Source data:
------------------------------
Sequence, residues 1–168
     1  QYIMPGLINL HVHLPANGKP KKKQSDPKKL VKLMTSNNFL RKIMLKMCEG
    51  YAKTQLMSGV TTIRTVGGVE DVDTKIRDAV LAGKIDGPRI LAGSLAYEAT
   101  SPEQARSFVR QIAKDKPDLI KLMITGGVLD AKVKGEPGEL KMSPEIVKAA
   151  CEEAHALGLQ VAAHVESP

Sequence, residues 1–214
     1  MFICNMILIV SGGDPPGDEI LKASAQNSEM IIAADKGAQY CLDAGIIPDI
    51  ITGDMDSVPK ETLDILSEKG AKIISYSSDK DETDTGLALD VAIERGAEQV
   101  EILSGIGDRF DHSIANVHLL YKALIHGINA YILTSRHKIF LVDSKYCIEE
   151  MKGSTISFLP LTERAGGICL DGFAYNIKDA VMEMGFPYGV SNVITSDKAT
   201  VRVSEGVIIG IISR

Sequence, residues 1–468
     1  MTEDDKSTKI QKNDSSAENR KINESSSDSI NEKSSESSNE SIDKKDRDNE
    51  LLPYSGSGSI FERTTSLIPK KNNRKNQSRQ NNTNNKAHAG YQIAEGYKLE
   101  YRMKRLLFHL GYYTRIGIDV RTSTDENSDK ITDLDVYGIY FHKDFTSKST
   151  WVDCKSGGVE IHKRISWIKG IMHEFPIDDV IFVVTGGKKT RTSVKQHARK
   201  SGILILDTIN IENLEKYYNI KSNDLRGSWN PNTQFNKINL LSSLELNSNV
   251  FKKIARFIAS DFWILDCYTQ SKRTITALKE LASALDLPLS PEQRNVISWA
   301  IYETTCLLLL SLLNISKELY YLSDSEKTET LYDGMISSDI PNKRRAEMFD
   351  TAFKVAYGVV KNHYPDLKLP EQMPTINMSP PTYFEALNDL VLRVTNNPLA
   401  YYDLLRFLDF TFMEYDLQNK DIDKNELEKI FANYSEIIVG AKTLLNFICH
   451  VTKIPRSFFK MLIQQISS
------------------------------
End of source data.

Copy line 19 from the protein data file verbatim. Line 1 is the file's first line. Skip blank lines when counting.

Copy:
   301  IYETTCLLLL SLLNISKELY YLSDSEKTET LYDGMISSDI PNKRRAEMFD